That's what Cornelia asked me on the phone when she got home one day.
I had left the house with headphones on, so I didn't hear that I had left the water running in the kitchen.
Luckily (?), we pay a flat rate for water as we have no meter, so my mistake -- leaving the tap open for 2 hrs and thus wasting about 0.73 m3 of water ( 120*6liters/min = 720 liters) -- cost nothing. Had we paid the price of metered water (about €1.50/m^3), it would have cost about €1-2, but it would have FELT far more painful (like dropping a coin in the canal).
Anyway, the point of this post is that meters make people think different about water consumption, but so do some other things. I got a plumber to repair a leaking toilet last year (cost about €100) because we were renting out to Airbnb people and a leaking toilet is annoying. The cost was far greater than the water lost (ignoring that I don't pay for that), but it's been nice to have a quiet toilet :)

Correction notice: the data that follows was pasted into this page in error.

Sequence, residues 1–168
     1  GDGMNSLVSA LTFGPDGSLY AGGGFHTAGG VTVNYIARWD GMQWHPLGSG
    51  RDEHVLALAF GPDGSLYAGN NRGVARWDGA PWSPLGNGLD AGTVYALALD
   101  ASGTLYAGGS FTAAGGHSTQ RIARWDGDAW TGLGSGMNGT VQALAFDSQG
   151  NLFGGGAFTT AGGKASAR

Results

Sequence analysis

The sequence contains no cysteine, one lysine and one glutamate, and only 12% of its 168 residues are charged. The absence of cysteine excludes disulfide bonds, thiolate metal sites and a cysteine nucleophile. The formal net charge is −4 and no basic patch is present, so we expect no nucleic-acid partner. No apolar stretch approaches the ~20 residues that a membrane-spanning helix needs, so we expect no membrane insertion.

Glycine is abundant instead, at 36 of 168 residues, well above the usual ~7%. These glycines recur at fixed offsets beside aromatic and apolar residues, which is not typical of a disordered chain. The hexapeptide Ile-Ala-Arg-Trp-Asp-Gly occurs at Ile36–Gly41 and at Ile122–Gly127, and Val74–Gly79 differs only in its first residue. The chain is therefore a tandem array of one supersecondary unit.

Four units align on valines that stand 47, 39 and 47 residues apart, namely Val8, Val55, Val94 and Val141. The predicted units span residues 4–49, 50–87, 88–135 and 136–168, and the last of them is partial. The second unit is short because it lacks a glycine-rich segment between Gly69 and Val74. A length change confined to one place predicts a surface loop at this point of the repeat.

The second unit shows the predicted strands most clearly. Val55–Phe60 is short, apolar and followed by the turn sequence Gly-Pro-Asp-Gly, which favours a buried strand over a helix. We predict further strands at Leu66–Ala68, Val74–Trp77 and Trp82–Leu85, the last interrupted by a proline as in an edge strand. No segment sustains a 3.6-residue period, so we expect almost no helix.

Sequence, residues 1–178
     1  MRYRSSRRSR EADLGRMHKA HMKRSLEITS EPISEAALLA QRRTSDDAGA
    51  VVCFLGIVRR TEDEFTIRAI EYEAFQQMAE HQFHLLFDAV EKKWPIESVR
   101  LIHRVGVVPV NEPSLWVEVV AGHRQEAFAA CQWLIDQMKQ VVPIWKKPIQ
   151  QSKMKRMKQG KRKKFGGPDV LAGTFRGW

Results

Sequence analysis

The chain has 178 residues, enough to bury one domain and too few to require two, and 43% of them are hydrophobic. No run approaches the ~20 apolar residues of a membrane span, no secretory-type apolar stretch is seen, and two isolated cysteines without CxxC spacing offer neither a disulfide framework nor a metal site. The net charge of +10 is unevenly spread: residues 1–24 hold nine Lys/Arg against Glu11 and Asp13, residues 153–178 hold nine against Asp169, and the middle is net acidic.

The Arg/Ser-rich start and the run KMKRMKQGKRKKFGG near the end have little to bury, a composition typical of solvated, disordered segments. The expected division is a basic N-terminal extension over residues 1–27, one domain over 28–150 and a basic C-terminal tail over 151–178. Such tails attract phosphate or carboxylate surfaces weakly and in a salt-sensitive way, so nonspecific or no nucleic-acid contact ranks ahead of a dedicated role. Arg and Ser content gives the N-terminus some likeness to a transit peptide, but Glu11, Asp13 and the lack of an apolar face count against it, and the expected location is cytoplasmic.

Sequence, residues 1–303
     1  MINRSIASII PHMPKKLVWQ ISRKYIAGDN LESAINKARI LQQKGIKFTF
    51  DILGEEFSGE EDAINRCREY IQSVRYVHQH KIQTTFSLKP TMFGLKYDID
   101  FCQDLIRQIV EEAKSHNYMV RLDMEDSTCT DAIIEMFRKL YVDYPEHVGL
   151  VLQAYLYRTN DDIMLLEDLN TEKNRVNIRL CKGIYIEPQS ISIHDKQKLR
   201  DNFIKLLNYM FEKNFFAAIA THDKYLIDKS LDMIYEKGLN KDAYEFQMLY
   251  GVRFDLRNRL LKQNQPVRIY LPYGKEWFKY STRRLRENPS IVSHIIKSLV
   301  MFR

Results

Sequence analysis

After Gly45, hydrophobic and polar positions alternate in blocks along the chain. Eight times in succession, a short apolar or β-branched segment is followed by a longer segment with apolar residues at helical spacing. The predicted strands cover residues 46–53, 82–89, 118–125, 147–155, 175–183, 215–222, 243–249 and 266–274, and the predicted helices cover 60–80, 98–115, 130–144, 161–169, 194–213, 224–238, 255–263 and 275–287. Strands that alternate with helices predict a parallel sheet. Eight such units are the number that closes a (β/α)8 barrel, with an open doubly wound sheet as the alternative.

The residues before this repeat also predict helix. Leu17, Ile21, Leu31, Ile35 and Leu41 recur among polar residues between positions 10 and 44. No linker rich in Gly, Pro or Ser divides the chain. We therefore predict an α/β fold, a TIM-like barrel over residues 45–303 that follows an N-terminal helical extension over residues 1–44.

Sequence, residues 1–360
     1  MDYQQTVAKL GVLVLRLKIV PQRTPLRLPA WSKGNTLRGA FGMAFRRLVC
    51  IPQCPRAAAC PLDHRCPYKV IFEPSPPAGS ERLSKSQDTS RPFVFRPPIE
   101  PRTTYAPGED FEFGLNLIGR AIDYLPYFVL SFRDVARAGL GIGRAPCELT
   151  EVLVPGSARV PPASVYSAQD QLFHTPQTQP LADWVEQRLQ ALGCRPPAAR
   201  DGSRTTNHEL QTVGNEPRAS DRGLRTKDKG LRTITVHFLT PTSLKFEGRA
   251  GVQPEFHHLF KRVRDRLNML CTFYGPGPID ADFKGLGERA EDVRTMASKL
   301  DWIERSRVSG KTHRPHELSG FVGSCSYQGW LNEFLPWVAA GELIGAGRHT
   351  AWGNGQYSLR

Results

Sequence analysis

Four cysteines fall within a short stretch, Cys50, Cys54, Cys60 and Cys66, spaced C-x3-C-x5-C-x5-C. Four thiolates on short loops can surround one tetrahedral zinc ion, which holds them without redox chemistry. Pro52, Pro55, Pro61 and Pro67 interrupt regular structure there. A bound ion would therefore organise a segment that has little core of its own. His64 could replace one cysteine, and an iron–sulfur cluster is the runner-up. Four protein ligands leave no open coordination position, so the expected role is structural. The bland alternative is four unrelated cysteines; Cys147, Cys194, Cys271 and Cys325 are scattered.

Bottom Line: Nobody wants to "waste" water, but meters (price incentives) will encourage them to take actions to waste less.